Jump to content

  • Log In with Google      Sign In   
  • Create Account

Direct vram access in DX


Old topic!
Guest, the last post of this topic is over 60 days old and at this point you may not reply in this topic. If you wish to continue this conversation start a new topic.

  • You cannot reply to this topic
10 replies to this topic

#1 bosjoh   Members   -  Reputation: 122

Like
Likes
Like

Posted 01 November 1999 - 08:25 AM

I know how to lock the surface memory and access the video memory directly. Now I need to know is if you can get a pointer to the attached backbuffer. This way I don't have to lock/unlock again (I can use blit right?).

Now the next question:
I have a 640x480 screen (let's keep it simple: 256 colors). Can I make the backbuffer bigger, let's see 680,520? Then it would look like this:
_____________
| _______ |
| | | |
| |_____| |
|___________|

The big rectangle is the backbuffer and the little one is the screen. Can you use blit to copy only the part that's in the screen to the primary surface?


Sponsor:

#2 Niels   Members   -  Reputation: 122

Like
Likes
Like

Posted 30 October 1999 - 08:10 AM

Hm!

Not quite sure what you're asking, so if this reply sounds weird, I probably misunderstood something, anywayz:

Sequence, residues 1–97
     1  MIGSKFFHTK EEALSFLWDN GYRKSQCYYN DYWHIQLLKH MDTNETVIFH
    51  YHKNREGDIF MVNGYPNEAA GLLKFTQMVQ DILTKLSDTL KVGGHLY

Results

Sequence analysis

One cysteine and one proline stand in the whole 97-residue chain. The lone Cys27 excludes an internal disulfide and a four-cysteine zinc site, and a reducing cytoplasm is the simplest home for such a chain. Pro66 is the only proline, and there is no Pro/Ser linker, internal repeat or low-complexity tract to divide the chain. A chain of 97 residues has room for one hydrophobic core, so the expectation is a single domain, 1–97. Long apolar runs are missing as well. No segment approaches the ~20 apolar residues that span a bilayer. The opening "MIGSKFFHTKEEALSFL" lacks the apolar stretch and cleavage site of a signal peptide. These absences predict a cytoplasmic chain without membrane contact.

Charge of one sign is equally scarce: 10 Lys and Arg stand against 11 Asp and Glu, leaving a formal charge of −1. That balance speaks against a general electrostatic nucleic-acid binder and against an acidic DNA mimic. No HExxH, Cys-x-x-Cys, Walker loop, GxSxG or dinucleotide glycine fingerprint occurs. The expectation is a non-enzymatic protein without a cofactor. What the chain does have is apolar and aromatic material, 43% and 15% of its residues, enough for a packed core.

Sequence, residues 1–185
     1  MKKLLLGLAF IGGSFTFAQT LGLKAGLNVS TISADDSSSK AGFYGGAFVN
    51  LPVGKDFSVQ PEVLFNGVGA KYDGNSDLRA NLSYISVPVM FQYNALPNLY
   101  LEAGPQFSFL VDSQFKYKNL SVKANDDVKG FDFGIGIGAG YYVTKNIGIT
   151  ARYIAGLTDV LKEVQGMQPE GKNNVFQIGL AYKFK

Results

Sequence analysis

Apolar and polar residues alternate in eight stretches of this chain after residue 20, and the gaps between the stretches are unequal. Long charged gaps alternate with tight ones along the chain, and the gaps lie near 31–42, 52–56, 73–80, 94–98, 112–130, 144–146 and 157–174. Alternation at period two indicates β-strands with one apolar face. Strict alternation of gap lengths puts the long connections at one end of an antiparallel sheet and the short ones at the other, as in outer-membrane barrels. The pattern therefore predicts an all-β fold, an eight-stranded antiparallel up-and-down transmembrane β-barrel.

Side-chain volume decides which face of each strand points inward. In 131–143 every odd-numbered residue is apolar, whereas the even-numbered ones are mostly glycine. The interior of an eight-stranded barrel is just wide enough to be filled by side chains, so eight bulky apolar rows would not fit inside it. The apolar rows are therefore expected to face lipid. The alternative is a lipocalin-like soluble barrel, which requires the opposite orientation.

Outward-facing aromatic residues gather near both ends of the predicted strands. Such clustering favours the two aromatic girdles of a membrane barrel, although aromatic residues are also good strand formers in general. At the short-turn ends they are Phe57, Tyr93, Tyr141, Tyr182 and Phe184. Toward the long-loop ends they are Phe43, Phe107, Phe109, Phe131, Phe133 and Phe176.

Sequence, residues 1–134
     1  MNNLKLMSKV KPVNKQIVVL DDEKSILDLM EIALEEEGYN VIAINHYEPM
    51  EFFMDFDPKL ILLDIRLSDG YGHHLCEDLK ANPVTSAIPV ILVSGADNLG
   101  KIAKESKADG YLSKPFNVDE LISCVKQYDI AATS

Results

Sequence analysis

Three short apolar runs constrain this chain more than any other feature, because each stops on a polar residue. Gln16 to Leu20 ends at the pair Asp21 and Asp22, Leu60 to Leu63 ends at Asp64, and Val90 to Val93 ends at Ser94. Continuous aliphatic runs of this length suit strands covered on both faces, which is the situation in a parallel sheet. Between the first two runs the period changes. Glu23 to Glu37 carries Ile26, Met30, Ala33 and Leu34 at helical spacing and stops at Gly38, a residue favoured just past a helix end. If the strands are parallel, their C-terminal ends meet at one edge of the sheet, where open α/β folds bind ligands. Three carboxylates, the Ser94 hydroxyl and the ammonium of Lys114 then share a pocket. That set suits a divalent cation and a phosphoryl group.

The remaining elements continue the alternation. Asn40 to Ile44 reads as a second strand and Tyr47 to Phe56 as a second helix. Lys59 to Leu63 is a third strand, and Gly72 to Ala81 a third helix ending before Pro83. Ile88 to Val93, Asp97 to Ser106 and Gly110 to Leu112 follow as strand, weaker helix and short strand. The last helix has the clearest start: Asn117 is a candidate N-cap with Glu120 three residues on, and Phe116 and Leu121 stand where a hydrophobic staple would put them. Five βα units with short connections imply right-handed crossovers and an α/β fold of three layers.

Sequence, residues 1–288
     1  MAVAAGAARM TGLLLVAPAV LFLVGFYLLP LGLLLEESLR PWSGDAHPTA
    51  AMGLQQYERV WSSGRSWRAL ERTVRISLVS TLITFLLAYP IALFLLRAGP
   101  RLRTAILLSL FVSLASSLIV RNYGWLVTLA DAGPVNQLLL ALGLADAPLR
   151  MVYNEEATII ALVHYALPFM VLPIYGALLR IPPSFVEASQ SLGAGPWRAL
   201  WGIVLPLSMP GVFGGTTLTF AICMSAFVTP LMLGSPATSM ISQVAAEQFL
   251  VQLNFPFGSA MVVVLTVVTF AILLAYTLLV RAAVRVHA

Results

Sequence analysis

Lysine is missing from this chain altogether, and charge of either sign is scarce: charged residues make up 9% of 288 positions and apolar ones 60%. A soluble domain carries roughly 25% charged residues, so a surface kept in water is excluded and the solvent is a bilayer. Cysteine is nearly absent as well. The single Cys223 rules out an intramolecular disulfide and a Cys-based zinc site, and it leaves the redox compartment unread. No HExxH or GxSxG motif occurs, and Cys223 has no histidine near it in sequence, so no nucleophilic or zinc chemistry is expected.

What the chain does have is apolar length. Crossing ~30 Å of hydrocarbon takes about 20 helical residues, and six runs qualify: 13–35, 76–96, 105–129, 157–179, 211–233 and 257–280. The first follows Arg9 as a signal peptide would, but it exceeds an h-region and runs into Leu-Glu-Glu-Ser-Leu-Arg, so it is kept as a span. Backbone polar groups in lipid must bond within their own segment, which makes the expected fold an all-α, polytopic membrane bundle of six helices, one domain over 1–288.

Reg. Lock/Unlock. The general rule is that you can't use blit on a locked surface. If your source surface is never changed, you can lock it, get a memory pointer and then unlock it, but continue to use the memory pointer (I don't know if this is legal, but I seem to get away with it ). Locking one surface should not prevent blitting to/from other surfaces.

Reg. different size front and backbuffers: I assume the reason you're talking front and back buffer is that you intend to use flip() in which case different size buffers doesn't make much sense. There's nothing stopping you from creating an offscreen surface with a different size than your primary surface (In either V-Mem or sysmem)...


#3 bosjoh   Members   -  Reputation: 122

Like
Likes
Like

Posted 30 October 1999 - 09:12 AM

The rectangles weren't displayed right. The reason I want to do this is that I don't want to lock the primary surface memory all the time when the program runs (players can't use CTRL+ALT+DEL this way).

The reason that I want to have a bigger back surface is this: I will use a tile based system. This way I have to place all 32x32 (or 40x40) pixel sprites each frame (one layer). But why the bigger surface you may ask.
Well I want to do some scrolling. When you place the sprites on the screen there are 'half' sprites shown on the edges of the screen (when the screen scrolls). I don't want to put pixels out of the screen boundaries. Then I want to flip the backbuffer to the primary surface (/w hardware acceleration).


#4 INVERSED   Members   -  Reputation: 172

Like
Likes
Like

Posted 30 October 1999 - 12:32 PM

doesn't the ALLOWREBOOT coop level flag allow for ctrl+alt+del, or is that just in certain situations?

------------------
--Orion McClelland


#5 Splat   Members   -  Reputation: 122

Like
Likes
Like

Posted 30 October 1999 - 02:08 PM

I believe in this circumstance that Lock()ing the surface will grab the Win16 lock and thus really mess up normal machine operation while the surface is locked. I KNOW you can't debug when the Win16 lock has been taken.